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Spinal cord injury is one of the most devastating incidents that can occur to an individual as it results in life being suddenly, dramatically, radically and long lastingly changed. Different studies show that a spinal cord injury is a stressful event, leading to physiological dependence, psychological and social illness and suffering, although the(More)
The aim of this longitudinal study was to explore 10 patients' experiences of the meaning they attribute to the substance of hope and the process of hoping during the first 3 to 4 years following a spinal cord injury. This qualitative study is a synthesis of three empirical studies of hope and the overall aim was to deepen the understanding of the(More)
The aim of this paper was to explore the patients' experiences of hope during the first months following acute spinal cord injury. This qualitative study has a descriptive and explorative design. Data were collected by personal interviews (N = 10) at a rehabilitation centre in Norway. A phenomenological-hermeneutic approach inspired by Ricoeur was used to(More)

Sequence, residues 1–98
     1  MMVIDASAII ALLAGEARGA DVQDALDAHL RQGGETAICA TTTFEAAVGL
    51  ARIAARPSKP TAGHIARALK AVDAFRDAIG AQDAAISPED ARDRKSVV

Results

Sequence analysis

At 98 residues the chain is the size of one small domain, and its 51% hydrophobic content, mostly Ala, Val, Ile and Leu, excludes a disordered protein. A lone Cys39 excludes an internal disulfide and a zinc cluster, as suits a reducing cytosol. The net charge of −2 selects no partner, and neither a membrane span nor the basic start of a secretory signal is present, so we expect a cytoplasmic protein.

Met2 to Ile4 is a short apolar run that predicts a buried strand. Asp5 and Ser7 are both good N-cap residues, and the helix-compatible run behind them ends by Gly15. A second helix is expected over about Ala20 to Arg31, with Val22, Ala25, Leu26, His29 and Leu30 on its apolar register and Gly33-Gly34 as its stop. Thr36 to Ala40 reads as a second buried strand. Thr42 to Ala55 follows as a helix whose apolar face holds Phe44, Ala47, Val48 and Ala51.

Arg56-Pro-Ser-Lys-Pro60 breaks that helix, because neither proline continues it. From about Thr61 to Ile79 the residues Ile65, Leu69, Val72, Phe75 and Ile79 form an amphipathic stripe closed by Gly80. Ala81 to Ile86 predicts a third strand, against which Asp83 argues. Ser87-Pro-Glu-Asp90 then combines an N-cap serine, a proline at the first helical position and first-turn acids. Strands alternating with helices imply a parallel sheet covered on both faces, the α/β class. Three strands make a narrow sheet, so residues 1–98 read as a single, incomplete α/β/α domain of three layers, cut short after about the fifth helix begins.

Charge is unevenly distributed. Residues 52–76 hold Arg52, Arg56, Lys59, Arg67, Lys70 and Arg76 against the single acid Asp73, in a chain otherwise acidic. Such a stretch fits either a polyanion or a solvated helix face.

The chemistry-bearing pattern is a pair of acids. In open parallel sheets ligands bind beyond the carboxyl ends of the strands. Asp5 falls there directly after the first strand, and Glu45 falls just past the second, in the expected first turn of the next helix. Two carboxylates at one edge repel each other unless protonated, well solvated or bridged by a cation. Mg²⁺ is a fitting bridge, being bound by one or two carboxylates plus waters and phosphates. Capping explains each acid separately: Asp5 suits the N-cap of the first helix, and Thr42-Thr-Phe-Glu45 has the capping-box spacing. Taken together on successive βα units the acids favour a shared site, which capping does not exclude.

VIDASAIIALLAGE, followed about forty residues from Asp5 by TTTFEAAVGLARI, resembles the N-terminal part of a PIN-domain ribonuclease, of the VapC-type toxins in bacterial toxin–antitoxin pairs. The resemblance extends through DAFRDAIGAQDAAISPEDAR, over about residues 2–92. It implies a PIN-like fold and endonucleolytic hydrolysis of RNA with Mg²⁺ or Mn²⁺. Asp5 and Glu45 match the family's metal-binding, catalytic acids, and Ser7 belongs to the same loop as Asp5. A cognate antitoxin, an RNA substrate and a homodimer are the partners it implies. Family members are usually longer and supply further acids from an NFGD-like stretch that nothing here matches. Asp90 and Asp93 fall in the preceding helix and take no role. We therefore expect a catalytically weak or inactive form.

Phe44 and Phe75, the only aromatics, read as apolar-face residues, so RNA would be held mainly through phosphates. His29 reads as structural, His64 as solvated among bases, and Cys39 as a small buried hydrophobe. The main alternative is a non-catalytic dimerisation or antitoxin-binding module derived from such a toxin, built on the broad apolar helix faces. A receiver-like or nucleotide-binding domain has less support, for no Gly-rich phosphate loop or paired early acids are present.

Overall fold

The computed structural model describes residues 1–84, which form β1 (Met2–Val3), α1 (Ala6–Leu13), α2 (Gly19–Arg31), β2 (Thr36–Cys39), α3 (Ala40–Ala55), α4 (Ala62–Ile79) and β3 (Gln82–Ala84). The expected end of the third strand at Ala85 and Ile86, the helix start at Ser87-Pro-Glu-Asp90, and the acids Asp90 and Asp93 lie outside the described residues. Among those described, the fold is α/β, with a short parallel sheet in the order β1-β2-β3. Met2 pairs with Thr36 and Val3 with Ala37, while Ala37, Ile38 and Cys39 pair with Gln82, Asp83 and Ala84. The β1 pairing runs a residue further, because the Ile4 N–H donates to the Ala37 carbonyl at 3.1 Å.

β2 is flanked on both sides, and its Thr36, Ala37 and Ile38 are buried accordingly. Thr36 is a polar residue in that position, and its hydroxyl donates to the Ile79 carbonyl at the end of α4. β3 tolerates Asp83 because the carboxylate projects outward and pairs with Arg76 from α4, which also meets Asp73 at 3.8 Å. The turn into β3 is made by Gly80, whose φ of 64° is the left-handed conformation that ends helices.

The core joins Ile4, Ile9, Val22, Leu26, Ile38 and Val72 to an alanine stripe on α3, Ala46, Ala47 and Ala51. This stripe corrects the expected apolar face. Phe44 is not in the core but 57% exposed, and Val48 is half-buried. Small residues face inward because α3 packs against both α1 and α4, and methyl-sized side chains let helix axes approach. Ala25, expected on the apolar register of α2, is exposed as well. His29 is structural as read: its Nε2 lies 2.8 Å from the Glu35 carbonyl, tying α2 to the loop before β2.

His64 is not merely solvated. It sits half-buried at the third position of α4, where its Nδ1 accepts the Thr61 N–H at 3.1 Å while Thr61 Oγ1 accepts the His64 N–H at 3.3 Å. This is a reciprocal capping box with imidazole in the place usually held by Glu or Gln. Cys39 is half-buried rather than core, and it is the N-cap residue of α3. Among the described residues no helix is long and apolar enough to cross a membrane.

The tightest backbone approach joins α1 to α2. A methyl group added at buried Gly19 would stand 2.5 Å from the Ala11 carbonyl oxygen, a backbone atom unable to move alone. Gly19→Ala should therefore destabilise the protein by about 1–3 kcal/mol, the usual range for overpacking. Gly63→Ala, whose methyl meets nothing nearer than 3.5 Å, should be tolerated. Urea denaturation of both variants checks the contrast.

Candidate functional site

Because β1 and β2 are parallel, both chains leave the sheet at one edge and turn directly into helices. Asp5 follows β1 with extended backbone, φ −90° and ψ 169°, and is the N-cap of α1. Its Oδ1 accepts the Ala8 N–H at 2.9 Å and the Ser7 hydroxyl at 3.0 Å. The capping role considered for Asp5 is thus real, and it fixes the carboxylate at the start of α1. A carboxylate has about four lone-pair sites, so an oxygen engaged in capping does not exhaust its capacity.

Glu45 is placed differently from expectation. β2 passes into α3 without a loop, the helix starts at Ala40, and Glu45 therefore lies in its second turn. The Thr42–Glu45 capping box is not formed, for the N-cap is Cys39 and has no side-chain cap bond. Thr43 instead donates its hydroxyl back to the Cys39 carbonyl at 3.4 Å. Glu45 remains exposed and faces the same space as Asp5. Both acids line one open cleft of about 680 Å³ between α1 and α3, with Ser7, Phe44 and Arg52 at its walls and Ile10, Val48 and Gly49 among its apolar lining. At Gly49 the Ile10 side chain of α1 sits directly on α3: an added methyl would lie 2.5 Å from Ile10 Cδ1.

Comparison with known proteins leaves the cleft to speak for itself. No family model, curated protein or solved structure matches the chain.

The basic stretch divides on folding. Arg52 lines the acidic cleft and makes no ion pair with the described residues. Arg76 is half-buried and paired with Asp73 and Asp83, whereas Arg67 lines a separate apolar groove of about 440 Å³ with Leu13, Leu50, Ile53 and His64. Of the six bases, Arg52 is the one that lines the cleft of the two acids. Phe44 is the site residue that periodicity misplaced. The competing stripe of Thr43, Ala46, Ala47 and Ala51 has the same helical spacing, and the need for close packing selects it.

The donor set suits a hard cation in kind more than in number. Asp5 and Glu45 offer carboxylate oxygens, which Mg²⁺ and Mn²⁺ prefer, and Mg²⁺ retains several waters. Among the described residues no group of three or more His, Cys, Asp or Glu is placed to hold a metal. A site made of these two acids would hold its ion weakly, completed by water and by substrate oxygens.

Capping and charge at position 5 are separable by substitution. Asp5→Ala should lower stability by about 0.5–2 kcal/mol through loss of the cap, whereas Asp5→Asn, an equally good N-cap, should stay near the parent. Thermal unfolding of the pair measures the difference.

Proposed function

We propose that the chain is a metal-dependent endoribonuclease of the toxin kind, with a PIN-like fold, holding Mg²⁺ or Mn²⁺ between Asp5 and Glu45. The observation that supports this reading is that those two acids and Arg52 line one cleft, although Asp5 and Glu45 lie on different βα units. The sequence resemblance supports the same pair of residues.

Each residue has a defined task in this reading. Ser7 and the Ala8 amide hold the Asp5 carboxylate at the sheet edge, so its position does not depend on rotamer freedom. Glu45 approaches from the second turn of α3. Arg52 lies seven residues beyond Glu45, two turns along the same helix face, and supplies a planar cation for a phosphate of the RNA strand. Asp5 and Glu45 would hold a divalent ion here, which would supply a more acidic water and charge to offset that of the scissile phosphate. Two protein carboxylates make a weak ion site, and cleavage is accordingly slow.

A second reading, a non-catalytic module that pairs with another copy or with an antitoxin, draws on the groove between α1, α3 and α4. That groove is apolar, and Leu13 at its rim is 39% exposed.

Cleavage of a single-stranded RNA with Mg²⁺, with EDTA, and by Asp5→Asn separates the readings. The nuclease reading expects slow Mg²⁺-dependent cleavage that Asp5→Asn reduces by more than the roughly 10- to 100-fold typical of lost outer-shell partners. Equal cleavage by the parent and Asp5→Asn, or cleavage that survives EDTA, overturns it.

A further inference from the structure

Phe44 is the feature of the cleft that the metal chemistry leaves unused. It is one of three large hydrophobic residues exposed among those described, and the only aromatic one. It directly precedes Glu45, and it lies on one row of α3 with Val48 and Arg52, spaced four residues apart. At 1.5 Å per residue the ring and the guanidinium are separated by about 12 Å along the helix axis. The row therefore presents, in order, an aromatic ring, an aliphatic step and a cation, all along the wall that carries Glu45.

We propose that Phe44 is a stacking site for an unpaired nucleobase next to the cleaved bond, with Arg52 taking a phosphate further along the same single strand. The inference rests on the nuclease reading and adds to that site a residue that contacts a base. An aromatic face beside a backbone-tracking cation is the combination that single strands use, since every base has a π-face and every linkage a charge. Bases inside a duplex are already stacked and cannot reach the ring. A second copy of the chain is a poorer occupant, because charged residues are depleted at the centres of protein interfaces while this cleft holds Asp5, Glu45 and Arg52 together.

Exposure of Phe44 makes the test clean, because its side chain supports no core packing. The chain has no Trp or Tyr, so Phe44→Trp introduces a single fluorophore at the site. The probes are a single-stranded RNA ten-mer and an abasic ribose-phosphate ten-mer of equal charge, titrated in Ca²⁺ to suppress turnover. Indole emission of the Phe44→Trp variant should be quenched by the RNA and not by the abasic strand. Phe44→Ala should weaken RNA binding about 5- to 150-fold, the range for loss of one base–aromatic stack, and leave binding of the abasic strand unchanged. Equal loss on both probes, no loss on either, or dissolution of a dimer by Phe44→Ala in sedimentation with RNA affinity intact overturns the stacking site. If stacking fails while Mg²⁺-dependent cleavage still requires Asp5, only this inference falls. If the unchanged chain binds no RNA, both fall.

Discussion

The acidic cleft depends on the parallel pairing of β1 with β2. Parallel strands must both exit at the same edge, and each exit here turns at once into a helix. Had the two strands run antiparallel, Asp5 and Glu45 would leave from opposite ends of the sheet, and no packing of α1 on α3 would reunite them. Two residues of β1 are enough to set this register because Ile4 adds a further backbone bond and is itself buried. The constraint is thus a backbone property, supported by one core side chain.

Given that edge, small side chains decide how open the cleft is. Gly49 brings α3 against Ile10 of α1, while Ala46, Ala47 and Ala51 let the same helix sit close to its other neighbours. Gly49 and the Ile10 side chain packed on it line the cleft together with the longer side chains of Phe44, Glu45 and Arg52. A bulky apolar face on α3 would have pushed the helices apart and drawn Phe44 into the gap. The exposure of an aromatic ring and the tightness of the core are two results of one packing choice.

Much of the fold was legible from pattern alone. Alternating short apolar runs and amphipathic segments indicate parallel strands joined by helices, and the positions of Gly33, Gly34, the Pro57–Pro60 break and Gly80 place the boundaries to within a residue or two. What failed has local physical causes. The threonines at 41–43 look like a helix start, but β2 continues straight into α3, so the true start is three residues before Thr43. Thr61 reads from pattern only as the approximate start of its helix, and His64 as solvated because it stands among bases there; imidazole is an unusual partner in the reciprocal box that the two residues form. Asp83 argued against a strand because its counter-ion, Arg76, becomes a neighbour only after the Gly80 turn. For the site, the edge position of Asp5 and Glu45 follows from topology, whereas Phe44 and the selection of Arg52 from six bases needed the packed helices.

Eriksson, K. (1997). Understanding the world of the patient, the suffering human being: the new clinical paradigm from nursing to caring. Gjaerum, B. (1998). Mestring av omfattende problemer hos barn og foreldre-har vi empirisk kunnskap å bygge på?
This paper presents narratives that focus on experiences of hope, told by 10 participants three to four years after suffering spinal cord injury. Experiences of hope are understood as vital, essential and dynamic aspects of human life and human health. This is the first study addressing patients' experiences of hope three to four years following spinal cord(More)
  • V Lohne
  • 2001
Few studies have addressed nursing of patients with spinal cord injury (SCI) related to the phenomenon of hope. Therefore, a systematic computer-based literature review to analyze the phenomenon of hope was conducted, focusing on both empirical and theoretical perspectives, to highlight the potential for further empirical studies. The review examined(More)
This survey investigated how individuals with facial paralysis resulting from acoustic neuroma surgery manage self-care needs of daily living. Facial paralysis was defined to include damage from surgery to other cranial nerves located in the same area as the facial nerve. The 40 patients surveyed had surgery performed at the Neurosurgical Department,(More)
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